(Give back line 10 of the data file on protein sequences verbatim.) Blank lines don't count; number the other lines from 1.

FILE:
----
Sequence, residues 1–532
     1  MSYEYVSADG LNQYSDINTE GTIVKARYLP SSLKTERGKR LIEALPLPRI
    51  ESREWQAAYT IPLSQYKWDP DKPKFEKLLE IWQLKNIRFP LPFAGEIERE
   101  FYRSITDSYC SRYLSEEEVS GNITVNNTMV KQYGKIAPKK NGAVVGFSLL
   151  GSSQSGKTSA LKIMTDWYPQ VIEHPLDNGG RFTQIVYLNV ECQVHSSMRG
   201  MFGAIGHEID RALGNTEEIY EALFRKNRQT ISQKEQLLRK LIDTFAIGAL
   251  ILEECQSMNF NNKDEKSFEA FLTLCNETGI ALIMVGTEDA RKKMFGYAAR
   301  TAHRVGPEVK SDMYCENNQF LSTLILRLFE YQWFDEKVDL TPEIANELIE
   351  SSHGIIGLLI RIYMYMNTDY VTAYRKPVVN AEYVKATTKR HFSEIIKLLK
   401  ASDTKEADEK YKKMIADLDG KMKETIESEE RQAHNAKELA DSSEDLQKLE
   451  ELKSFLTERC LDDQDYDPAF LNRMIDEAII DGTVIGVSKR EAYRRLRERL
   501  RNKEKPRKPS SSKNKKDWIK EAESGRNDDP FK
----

   401  ASDTKEADEK YKKMIADLDG KMKETIESEE RQAHNAKELA DSSEDLQKLE